Queen Victoria's Book of Spells: An Anthology of Gaslamp Fantasy (Paperback)
A Kirkus Reviews Best Fiction Book of the Year
An anthology featuring all-original tales of gaslamp fantasy from bestselling and award-winning authors including Gregory Maguire, author of Wicked.
"Gaslamp Fantasy," or historical fantasy set in a magical version of the nineteenth century, has long been popular with readers and writers alike. A number of wonderful fantasy novels owe their inspiration to works by nineteenth-century writers ranging from Jane Austen, the Brontës, and George Meredith to Charles Dickens, Anthony Trollope, and William Morris. And, of course, the entire steampunk genre and subculture owes more than a little to literature inspired by this period.
Queen Victoria's Book of Spells is an anthology for everyone who loves these works of neo-Victorian fiction, and wishes to explore the wide variety of ways that modern fantasists are using nineteenth-century settings, characters, and themes. These approaches stretch from steampunk fiction to the Austen-and-Trollope inspired works that some critics call Fantasy of Manners, all of which fit under the larger umbrella of Gaslamp Fantasy. The result is eighteen stories by experts from the fantasy, horror, mainstream, and young adult fields, including both bestselling writers and exciting new talents, who present a bewitching vision of a nineteenth century invested (or cursed!) with magic.
Includes short stories by Delia Sherman, Jeffrey Ford, Genevieve Valentine, Maureen McHugh, Kathe Koja, Elizabeth Wein, Elizabeth Bear, James P. Blaylock, Kaaron Warren, Leanna Renee Hieber, Dale Bailey, Veronica Schanoes, Catherynne M. Valente, Ellen Kushner and Caroline Stevermer, Jane Yolen, Gregory Maguire, Tanith Lee, Theodora Goss.
About the Author
ELLEN DATLOW has been editing science fiction, fantasy, and horror short fiction for over thirty-five years as fiction editor of OMNI Magazine and editor of Event Horizon and SCIFICTION. In addition, she has edited more than a hundred science fiction, fantasy, and horror anthologies, including the annual The Best Horror of the Year series, The Doll Collection, Mad Hatters and March Hares, The Devil and the Deep, Echoes, Final Cuts, Body Shocks, and When Things Get Dark.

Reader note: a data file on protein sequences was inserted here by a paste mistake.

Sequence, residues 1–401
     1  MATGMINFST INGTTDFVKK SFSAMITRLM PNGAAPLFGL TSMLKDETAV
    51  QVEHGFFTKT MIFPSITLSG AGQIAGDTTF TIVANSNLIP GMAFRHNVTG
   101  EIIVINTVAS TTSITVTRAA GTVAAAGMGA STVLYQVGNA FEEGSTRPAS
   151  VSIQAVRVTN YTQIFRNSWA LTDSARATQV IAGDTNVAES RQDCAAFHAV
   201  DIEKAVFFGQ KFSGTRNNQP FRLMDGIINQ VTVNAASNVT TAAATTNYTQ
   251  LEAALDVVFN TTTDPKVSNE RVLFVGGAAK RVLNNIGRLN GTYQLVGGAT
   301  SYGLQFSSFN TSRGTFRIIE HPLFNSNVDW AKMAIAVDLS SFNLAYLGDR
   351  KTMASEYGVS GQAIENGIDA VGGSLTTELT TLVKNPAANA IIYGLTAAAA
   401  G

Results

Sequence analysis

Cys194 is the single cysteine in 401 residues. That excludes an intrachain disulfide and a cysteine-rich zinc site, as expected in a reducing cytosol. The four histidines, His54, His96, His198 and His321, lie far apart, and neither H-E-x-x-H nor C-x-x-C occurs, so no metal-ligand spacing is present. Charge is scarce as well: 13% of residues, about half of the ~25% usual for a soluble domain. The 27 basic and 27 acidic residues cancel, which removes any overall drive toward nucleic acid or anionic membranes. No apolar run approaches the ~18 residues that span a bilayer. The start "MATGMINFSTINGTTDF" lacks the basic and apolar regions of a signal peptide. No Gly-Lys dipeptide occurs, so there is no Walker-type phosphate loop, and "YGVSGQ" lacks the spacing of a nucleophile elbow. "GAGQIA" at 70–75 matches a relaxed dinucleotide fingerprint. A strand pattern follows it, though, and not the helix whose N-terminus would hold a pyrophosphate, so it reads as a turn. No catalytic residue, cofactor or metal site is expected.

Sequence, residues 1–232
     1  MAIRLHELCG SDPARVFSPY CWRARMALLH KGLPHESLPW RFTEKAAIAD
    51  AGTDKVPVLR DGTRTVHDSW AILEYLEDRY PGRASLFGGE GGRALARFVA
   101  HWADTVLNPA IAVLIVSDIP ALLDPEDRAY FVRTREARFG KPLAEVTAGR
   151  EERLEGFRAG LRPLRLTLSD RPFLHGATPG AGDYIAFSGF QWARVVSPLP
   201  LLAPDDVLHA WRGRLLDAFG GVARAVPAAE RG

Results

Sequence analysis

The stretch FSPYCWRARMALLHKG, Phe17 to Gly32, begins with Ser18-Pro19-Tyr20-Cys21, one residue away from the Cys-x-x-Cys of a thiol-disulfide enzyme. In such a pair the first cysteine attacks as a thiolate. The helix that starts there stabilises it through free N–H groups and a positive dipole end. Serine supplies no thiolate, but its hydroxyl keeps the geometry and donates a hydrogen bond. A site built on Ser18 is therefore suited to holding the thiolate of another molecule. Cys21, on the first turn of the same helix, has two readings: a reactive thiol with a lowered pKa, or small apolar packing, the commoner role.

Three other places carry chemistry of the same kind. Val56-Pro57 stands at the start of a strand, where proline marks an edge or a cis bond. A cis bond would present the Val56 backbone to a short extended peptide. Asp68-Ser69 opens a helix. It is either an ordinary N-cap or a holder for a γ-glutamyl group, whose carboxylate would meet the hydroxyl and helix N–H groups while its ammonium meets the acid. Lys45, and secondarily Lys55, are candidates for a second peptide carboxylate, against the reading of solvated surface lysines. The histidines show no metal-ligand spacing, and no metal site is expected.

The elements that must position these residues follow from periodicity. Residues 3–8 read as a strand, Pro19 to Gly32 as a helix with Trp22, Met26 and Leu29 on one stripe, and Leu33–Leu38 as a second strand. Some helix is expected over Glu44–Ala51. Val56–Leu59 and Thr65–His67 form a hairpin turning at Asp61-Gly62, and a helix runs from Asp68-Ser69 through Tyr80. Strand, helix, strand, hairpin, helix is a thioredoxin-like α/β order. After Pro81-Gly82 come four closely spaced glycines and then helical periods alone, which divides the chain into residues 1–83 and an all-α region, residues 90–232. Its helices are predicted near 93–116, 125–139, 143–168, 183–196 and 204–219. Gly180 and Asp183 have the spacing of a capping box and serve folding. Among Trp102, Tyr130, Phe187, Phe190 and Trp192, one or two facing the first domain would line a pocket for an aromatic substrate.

She’s won multiple World Fantasy Awards, Locus Awards, Hugo Awards, Bram Stoker Awards, International Horror Guild Awards, Shirley Jackson Awards, and the 2012 Il Posto Nero Black Spot Award for Excellence as Best Foreign Editor. Datlow was named recipient of the 2007 Karl Edward Wagner Award, given at the British Fantasy Convention for “outstanding contribution to the genre,” was honored with the Life Achievement Award by the Horror Writers Association, in acknowledgment of superior achievement over an entire career, and honored with the World Fantasy Life Achievement Award at the 2014 World Fantasy Convention.
She lives in New York and co-hosts the monthly Fantastic Fiction Reading Series at KGB Bar.
Terri Windling is a writer, editor, artist, and passionate advocate of fantasy literature. She has won six World Fantasy awards for her editorial work and the Mythopoeic Award for her novel The Wood Wife. She has edited over thirty anthologies, many in collaboration with Ellen Datlow--including the Snow White, Blood Red adult fairy-tale series, The Armless Maiden, Sirens, The Green Man, and Swan Sister. She has also written children's books and articles on myth and folklore, and she edits the Endicott Studio Online Journal of Mythic Arts website. She divides her time between homes in Devon, England, and Tucson, Arizona.
“A superb sampling of urban fantasy.... You will have fun with all twenty stories.” —Booklist on Naked City
“This is a treasure chest. Open it and revel in its riches.” —Kirkus Reviews, starred review on The Faery Reel
“An often sophisticated view of the world [and] a real sense of how powerful nature can be in its various guises.” —School Library Journal on The Green Man
“An enchanting, witty collection of original stories.... This superior volume proves that the notion of modern-day Grimms, Andersens and Wildes isn't just a fairy tale.” —Publishers Weekly on Black Thorn, White Rose